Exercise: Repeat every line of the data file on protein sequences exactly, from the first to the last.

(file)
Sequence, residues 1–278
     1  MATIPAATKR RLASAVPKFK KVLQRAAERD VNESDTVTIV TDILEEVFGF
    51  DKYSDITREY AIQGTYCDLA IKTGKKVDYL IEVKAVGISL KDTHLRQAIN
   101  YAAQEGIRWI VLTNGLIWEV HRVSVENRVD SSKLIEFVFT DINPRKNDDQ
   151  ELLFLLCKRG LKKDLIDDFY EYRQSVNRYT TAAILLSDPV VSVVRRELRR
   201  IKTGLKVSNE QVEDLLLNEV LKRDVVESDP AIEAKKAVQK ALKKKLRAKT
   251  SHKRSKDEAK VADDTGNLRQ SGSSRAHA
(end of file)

Sequence, residues 1–278
     1  MATIPAATKR RLASAVPKFK KVLQRAAERD VNESDTVTIV TDILEEVFGF
    51  DKYSDITREY AIQGTYCDLA IKTGKKVDYL IEVKAVGISL KDTHLRQAIN
   101  YAAQEGIRWI VLTNGLIWEV HRVSVENRVD SSKLIEFVFT DINPRKNDDQ
   151  ELLFLLCKRG LKKDLIDDFY EYRQSVNRYT TAAILLSDPV VSVVRRELRR
   201  IKTGLKVSNE QVEDLLLNEV LKRDVVESDP AIEAKKAVQK ALKKKLRAKT
   251  SHKRSKDEAK VADDTGNLRQ SGSSRAHA